To conclude the issue, Moore presents in her note a stinging critique of the cooptation of authenticity by capital. She underlines the ambiguity that lies at the heart of authenticity today and the perversions that follow from the split between authenticity as perceived in terms of ‘originality’ on the one hand, and in terms of a copy that is ‘close enough’ to an original to be considered authentic, on the other. She shows how authenticity has been put to work in the marketing industry in a search for ever increasing customer loyalty and profits. Moore also points to how the current obsession with authenticity is perfectly aligned with the individualism at the heart of contemporary capitalism. She demonstrates the important role that media, and social media in particular, play in the contemporary processes of authentication at a time when we all have the chance to democratically participate in opinion-based journalism on the Internet.
The papers are, therefore, very sceptical about the nature of authenticity and its many articulations in and around the world of work. It is seen as a kind of Trojan horse for rendering the subject more susceptible to the broader socio-economic vicissitudes of a system that appears to be out of control. Techniques of authentication – which appear to have an inbuilt proclivity for failure – therefore contain strong ideological elements that bind us even firmer to the very things we wish to escape – our unhappiness, restlessness and deep suspicion that all is not well.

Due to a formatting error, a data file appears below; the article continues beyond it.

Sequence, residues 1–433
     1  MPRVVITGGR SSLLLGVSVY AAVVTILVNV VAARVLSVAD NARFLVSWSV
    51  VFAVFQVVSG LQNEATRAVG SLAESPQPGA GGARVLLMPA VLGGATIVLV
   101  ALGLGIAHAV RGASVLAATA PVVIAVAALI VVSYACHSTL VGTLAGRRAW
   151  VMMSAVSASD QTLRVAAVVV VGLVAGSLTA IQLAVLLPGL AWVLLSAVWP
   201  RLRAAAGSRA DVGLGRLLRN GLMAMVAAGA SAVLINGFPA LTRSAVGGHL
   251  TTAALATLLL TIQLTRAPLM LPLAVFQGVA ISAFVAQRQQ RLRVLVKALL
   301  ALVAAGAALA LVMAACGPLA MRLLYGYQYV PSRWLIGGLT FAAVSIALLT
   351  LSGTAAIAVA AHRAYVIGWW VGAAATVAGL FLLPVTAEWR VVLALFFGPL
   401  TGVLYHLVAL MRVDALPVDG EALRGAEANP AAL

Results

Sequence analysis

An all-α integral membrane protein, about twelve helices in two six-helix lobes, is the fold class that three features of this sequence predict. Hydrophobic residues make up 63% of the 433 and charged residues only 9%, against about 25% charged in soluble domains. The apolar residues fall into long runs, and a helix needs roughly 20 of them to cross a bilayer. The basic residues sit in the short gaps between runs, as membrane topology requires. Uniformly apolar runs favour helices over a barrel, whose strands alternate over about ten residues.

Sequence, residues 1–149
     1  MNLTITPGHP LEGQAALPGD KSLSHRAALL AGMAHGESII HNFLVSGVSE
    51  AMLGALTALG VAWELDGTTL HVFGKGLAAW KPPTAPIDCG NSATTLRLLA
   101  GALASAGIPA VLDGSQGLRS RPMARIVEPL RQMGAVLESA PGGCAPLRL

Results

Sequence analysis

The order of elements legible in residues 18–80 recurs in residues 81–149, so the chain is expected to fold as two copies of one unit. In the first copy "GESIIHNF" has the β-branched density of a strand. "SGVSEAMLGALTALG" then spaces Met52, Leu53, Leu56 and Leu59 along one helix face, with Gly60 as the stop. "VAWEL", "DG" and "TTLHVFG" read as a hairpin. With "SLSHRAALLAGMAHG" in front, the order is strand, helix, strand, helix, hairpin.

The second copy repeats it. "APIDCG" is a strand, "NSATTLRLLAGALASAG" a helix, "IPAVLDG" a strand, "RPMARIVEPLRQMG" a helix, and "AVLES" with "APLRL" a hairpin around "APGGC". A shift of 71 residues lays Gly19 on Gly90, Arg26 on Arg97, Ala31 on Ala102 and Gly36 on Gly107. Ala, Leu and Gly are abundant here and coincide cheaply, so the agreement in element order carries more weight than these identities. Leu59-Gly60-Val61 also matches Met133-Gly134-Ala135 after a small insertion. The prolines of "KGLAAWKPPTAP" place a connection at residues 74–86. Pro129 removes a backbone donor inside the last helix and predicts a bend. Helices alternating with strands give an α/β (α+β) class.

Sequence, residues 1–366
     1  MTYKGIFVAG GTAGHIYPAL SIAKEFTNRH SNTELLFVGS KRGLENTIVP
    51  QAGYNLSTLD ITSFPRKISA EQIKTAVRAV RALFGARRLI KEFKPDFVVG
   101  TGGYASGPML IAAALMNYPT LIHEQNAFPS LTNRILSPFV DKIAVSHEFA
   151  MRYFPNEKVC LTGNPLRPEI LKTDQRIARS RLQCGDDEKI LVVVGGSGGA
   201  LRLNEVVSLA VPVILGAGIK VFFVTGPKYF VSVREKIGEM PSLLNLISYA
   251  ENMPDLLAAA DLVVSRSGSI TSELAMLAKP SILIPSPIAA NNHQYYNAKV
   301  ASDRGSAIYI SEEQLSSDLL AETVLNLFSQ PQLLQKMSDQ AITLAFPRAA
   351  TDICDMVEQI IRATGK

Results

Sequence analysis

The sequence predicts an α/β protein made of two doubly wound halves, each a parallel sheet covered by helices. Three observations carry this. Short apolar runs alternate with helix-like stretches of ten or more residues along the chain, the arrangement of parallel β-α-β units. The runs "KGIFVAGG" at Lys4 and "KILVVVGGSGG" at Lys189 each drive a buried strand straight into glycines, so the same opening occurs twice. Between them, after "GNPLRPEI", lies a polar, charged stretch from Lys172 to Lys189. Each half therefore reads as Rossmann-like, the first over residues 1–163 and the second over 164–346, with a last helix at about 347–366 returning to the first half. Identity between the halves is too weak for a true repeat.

But does this mean that there is nothing salvageable here pertaining to the political uses of authenticity? While the following contributions certainly forward strident criticisms of the concept, we see two possible ways in which it might be redeemed. The first pertains to a more socialized understanding of what the ‘truth of oneself’ might mean. An open (or inoperative) and multitudinous community that both makes and is made by the individual might rearticulate us to a more radical notion of authenticity. This is because, as a number of the following contributions reveal, including Cederström, Spicer and Pedersen, the pro-business version of authenticity evokes a kind of ‘false individual’ that is more about an oppressive sociality tethering us to our own domination through the sign of the subject. A disciplined and unavowable collective, on the other hand, would not hijack the truth of us for instrumental ends, but the opposite. Following Baudelaire’s observation that it is in the overflowing and anonymous crowd where we really discover ourselves, perhaps this is what Žižek meant when he suggested that ‘the dissolution of “critical individuality” in the disciplined collective leads not to some Dionysian uniformity, but rather clears the slate and opens up the field for authentic idiosyncrasies’ (Žižek, 2010: 373). Perhaps.
This raises another interesting point in relation to the contributions in the special issue: running underneath the variety of discourses of authenticity explored here is a pre-occupation with inauthenticity. That which is not pure, not healthy, not guilt-free and not fun. The authentic ideal maintains a symbiotic relationship with its horrible ‘other’ in an almost mesmerised fashion. Perhaps the remaining purchase of authenticity in any progressive political project might be found in its defetishised form. That is to say, where the source of this inauthenticity is not found in the ‘false individual’ (and their way of coping with the circumstances they find themselves in) but in the flows of social domination that keep us excluded from a transformative politics. In nominally transforming these sources of inauthenticity would we not also render the very idea of authenticity obsolete once and for all?